Egypt’s Morsi annuls controversial decree expanding his powers Egyptian President Mohamed Morsi has backed down in a dire political crisis marked by weeks of street protests, after the powerful army gave an ultimatum to him and the opposition to sit down for talks.
The Islamist leader annulled a controversial decree issued last month that put all his decisions beyond judicial review – a decision denounced as a dictatorial “power grab” by the opposition.
“The constitutional decree is annulled from this moment,” Selim al-Awa, an Islamist politician acting as spokesman of a meeting Morsi held earlier with other political leaders, told a Cairo news conference in the presence of Morsi aides.
Awa said that an equally contentious referendum on a new constitution would go ahead as planned on December 15 because of the legal impossibility for the president to postpone it.
But he added that, if the draft constitution were rejected, a new one would be drawn up by officials elected by the people, rather than ones chosen by parliament as for the current text.
The two issues – the decree and the referendum – were at the heart of the anti-Morsi protests that turned violent this week with clashes on Wednesday that killed seven people and wounded hundreds.
The opposition refused Morsi’s offer for dialogue as long as those two decisions stood.
But on Saturday, the powerful military, in its first statement since the crisis began, told both sides to talk, warning that otherwiseEgyptwould descend “into a dark tunnel with disastrous results – and that is something we will not allow.”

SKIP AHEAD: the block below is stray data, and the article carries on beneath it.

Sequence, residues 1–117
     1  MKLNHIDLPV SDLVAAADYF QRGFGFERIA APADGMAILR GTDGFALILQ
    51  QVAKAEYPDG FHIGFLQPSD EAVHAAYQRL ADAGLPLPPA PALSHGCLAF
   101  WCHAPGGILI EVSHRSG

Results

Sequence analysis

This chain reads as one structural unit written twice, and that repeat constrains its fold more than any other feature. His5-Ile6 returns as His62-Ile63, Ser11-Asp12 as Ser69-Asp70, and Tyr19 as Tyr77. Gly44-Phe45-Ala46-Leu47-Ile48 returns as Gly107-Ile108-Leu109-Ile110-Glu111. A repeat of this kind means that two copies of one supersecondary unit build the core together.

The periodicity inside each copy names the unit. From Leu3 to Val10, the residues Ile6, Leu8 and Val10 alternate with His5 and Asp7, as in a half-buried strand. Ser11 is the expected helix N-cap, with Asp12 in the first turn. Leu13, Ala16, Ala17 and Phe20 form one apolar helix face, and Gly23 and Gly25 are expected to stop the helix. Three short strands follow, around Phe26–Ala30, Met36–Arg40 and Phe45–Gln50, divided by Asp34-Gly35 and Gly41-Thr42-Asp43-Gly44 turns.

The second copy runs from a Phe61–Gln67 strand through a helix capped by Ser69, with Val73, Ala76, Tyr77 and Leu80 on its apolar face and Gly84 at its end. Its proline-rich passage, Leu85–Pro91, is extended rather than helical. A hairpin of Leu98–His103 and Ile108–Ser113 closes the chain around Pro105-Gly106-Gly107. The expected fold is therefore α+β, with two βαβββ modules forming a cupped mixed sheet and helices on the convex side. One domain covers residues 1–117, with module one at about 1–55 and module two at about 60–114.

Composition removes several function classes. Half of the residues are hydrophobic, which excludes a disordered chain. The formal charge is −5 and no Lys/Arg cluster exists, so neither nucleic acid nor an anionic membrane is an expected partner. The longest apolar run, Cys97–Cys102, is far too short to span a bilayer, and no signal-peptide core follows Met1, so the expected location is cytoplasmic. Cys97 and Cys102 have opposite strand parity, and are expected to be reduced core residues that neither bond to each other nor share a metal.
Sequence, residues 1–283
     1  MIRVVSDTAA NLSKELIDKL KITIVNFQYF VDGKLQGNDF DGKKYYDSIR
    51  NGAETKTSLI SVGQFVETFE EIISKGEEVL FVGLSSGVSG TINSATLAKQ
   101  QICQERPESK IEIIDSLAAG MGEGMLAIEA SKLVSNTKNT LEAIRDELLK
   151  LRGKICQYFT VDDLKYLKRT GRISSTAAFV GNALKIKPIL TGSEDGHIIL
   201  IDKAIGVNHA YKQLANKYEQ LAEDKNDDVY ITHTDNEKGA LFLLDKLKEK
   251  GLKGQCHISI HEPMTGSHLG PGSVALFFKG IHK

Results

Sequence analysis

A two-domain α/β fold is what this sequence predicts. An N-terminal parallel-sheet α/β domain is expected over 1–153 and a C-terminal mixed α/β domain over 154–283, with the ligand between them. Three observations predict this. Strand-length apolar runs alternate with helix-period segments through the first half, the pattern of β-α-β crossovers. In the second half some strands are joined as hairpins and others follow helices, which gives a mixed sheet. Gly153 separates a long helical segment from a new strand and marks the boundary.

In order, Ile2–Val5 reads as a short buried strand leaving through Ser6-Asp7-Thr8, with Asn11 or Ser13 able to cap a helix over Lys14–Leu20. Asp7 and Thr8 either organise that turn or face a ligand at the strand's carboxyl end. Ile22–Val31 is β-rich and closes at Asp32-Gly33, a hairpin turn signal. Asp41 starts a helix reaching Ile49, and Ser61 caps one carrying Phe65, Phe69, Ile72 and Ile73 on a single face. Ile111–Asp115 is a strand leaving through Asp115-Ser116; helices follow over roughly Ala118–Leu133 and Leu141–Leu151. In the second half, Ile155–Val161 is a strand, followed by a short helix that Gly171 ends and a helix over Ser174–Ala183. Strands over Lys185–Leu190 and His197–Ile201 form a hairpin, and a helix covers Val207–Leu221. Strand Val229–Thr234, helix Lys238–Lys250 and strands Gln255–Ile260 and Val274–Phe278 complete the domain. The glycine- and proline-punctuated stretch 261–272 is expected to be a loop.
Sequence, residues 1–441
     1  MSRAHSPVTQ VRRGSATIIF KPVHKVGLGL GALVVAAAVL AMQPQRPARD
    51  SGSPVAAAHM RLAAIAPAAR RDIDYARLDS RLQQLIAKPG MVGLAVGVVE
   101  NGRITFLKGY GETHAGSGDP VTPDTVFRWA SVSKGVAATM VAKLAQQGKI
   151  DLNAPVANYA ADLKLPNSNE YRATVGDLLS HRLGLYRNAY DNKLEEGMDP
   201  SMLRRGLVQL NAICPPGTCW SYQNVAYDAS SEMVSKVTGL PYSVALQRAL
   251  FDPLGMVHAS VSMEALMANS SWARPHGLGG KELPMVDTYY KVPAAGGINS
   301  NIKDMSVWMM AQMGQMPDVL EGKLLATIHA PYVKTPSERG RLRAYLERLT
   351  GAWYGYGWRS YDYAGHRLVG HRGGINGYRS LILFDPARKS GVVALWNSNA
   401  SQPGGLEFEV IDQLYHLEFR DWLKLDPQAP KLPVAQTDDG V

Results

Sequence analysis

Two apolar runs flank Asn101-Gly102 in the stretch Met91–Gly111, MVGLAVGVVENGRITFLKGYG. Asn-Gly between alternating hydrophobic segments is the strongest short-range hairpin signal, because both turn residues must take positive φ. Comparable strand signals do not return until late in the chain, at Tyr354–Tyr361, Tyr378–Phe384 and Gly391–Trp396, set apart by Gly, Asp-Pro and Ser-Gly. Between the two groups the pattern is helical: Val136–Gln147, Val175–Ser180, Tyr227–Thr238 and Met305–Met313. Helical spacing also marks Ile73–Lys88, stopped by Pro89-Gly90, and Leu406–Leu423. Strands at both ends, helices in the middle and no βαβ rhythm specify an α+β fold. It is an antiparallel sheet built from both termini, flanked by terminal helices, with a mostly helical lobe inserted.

It underlined that it “stands always with the great Egyptian people and insists on its unity,” but also said it was its duty to protect state institutions.
It urged a solution based on “democratic rules.”
Morsi’s concession on the decree appeared to open the way for the talks to happen. But it remained to be seen if the opposition would remain intransigent over the referendum.
On Saturday there were none of the large-scale demonstrations that had taken place on previous nights.
But the presidential palace remained ringed by tanks and troops, as it has been since the day after the deadly clashes.
InCairo’sTahrir Square, a focal point for hardcore protesters, news of the annulled decree sparked no festivities or exuberance.
“This will change nothing,” said one anti-Morsi activist, Mohamed Shakir, 50.
“Even if they offered us honey, it would not be enough,” agreed another, Hisham Ezzat.
Ahmad Abdallah, there with his wife and two children, said nothing less than the disappearance of the Muslim Brotherhood backing Morsi would please him.
“The brotherhood exists around the world, they have gone to other countries and split the people. Before the split, Morsi had a chance, but now it’s too late,” he said.
In recent days, since the deadly clashes, the mass protests had taken to demanding Morsi step down, in scenes reminiscent of those during the early 2011 uprising that toppled former president Hosni Mubarak from power.
The main opposition bloc, the National Salvation Front, has said it is ready for “serious and objective dialogue” as soon as Morsi met its demands to scrap the decree and drop the referendum.
It had rebuffed an earlier offer by Morsi on Thursday to open talks because the president did not give way on those two points.
Wayne White, a former senior US State Department intelligence official who is now a policy expert withWashington’s Middle East Policy Council, told AFP that the military’s involvement in the crisis was key.
If the army’s leaders saw sufficient opposition to Morsi, they would “inform him that they cannot continue to keep the peace and that he should make serious concessions to the opposition,” he said..